Early customs activity and the Swedish reign
Customs is among the oldest public authorities in Finland. The levying of customs duties in Finland started in the Middle Ages. Customs duties were paid on foreign trade goods. Customs duties comprised an important source of income to the government as, unlike other taxes, they were paid in cash. Customs reliefs and other such exemptions also comprised a central component of customs policy.
The origin of customs activity is linked with urbanisation, as foreign trade was only allowed in cities. The levying of customs duties took on a regular nature during the reign of the Swedish king Gustav Vasa. A century later, in 1636, a separate customs administration was established in the realm of Sweden. The customs administration was one of the first government authorities whose employees carried out tasks that were specified in detail.
The customs administration always had a dual role; on one hand, to levy customs duties and payments and, on the other hand, to enforce their payment. Customs authorities also investigated customs offences and acted as prosecutors in subsequent court proceedings. For this purpose, cities had “sea customs courts”. Afterwards, customs offences were processed by city courts.
The customs administration was known as “sea customs” (meritulli). In the 1600s, inland customs duties were implemented. They were paid on domestic trade goods at city entrances. Inland customs duties fell under the responsibility of “land customs” (maatulli) which operated much in the same way as “sea customs”. So-called ordinary folk were much more familiar with land customs than sea customs. Peasants who lived along the coastline of Finland were entitled to sail abroad in order to export their products. They were allowed to import goods upon returning, but only for personal use. This was another matter that needed to be supervised.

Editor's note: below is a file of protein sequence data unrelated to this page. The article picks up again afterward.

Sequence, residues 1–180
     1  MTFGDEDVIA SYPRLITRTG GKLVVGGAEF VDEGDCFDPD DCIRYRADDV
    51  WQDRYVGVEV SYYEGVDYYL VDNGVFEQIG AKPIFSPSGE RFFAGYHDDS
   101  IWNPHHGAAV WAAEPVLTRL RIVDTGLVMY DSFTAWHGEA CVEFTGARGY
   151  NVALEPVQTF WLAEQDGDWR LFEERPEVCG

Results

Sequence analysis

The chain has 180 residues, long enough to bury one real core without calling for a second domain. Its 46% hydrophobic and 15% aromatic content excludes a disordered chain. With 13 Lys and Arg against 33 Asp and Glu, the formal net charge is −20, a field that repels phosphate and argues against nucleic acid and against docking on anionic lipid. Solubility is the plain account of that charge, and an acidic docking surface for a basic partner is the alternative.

There were also other taxes similar to customs duties, such as the salt tax that was levied in the 17th century. Cities received their own payments in connection with customs clearances. Customs also levied maritime charges, such as pilot and lighthouse charges which subsequently became known as fairway dues.
In line with the doctrine of mercantilism, authorities strived to restrict and supervise imports and to facilitate exports starting in the 1600s. In the 1700s, a new and more liberal atmosphere took hold. When the trade embargo in the Gulf of Bothnia region was dismantled, foreign trade increased throughout Western Finland.
When the Russians occupied Finland in 1808, the land customs administration ceased to exist with immediate effect, and customs officials were no longer seen at city gates. Sea customs houses remained active.
Image: This so-called provincial uniform was designated as the outfit of customs house managers. It is likely that no uniforms such as this one had been used in Finland up until 1809 when the Swedish reign ended.
Image: Royal statute of 1741 on the prevention of smuggling and the supervision of foreign trade.